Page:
Ask any employer where employee well-being ranks on their priority list, and it will likely be close to the top: one thing we’ve learned from The Great Resignation is that employees’ mental health is deeply linked to retention. Employers are taking this seriously – according to a RAND survey, over 80% of large employers provide workplace wellness programs to their employees. However, the latest Gallup poll has revealed only 24% of employees strongly agree that their company cares about employee well-being. HR can’t help but wonder: did the message get lost in translation, or do company efforts still have a long way to go?
Why do employees think employers don’t care?
A Purdue University survey found the top reason why employees opt out of wellness programs is that they don’t see value in what the organization is delivering: 19% reported well-being programs did not meet their needs, and 31% felt well-being programs just added to an over-stuffed plate. Experts from Wellable Labs suggest that when a wellness program doesn’t meet the needs of staff, it can backfire as a feeling of disconnection between an employee and their company, reinforcing perceptions that a program is rooted in branding or cost reduction over concern for employee well-being.
5 high-impact ways to get the message across
It’s vital that employees feel their organization cares about them. No one wants to work for a company that doesn’t care about its employees. So what can you do?
Here are five high-impact ideas that drive the notion that employers care about their people, according to Gallup:
- Ask the audience what they want. Ask employees early and often to contribute their ideas for improving well-being in the workplace. Giving your staff power in the decision process will help you eliminate their concerns and show them that the company cares. This will allow employees who are also more likely to participate in a program they suggested.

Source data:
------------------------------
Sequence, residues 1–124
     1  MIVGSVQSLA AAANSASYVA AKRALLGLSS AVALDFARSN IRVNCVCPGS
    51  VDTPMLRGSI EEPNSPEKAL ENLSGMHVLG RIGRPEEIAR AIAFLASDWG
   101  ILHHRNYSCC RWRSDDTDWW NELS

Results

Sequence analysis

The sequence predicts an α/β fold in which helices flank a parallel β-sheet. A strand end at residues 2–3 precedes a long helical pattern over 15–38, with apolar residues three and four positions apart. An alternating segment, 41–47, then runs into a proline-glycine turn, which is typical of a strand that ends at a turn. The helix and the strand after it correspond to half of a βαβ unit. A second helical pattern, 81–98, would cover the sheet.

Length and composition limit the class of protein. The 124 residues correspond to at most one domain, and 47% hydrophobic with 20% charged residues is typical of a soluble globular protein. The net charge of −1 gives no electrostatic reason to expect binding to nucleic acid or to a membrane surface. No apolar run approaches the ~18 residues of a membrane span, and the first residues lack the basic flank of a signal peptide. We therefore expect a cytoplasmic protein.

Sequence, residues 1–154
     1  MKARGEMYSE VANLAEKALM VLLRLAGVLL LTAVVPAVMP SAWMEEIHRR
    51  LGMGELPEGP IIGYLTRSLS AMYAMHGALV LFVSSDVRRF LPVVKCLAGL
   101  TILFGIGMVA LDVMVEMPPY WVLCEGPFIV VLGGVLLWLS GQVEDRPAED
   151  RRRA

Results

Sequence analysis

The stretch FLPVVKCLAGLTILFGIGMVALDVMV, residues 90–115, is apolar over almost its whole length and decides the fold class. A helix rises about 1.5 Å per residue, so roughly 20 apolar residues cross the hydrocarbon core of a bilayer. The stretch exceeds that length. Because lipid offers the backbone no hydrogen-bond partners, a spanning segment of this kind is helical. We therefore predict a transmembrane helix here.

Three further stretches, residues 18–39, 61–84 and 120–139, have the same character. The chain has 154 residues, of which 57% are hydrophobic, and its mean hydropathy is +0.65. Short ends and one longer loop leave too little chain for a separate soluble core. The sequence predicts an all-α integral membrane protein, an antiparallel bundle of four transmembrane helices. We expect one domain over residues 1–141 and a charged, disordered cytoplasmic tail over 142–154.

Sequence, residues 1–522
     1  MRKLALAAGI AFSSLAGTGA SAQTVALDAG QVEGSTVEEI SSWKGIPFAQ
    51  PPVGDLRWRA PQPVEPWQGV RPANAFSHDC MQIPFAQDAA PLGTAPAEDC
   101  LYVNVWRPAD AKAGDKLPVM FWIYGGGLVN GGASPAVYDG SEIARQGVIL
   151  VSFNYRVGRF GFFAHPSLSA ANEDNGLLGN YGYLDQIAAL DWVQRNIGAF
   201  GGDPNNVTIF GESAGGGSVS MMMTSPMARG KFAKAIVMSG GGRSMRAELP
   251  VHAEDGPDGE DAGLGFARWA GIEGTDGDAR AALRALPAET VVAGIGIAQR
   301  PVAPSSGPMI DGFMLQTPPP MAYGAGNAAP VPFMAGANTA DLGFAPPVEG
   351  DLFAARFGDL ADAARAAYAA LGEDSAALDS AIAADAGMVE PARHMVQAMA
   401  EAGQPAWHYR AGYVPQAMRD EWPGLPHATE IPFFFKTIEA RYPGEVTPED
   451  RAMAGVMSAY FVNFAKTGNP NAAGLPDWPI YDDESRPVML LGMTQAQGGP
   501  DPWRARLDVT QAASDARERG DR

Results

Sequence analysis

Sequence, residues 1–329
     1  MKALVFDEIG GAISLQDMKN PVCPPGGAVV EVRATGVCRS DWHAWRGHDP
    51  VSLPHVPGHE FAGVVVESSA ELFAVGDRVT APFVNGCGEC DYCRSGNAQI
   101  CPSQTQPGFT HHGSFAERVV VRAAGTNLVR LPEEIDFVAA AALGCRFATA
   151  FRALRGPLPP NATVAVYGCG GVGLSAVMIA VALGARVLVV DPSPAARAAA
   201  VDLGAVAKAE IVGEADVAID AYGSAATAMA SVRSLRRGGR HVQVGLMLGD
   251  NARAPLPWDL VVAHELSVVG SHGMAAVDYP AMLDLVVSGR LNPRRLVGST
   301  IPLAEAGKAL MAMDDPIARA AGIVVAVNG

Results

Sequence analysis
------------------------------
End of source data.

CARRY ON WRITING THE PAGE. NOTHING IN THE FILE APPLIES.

- Give robust recognition for well-being achievements. A critically important psychological need in the workplace is routine recognition. Gallup says it’s a proven driver of numerous business outcomes. So, make it part of your well-being programs. Incentivize employees to pursue programs that provide high well-being and show the company cares about them attaining their goals.
- Include employees’ families. Want employees to feel cared about? Include their family’s well-being in programs and activities. Encouraging family member involvement shows not only does the company care about its employees, but it cares about their families, too.
- De-stigmatize employee assistance programs (EAPs). Thirty percent of U.S. workers said they don’t know how to access their company’s EAPs. That’s a big problem. If employees don’t know how to find them, they can’t use them. So, promote them until you’re blue in the face! Emphasize the confidentiality of the EAPs. Many workers avoid them because they are afraid of the stigma associated with some EAPs. Consider automatic pre-enrollment. That way it removes administrative tasks to use the EAPs. And have a large portion of the communications come from executives to drive home the importance of these programs.
- Use best-practice communication methods. Create company sharing networks where employees can socialize and share their well-being best practices. Do monthly or quarterly meetings during lunch so employees can share personal practices or goals that others might not be familiar with and could benefit from. This can include useful apps, books, or classes. Lastly, ensure that the program details and its benefits are communicated often and through a variety of channels.
As the COVID-19 pandemic drags on, employee well-being challenges are here to stay. Wellness programs have proven themselves to be worth the effort, yielding fantastic results for company culture and retention when done right. According to the Gallup poll, employees who strongly believe their companies care about well-being are:
- 69% less likely to look for another job
- 71% less likely to experience burnout, and
- Five times more likely to be a promoter of their company
Creating a company-sponsored, employee-driven well-being network shows employees that their organization wants to help them with their wellness pursuits. Supporting employee well-being is the right thing to do – both for employees and for the business they sustain.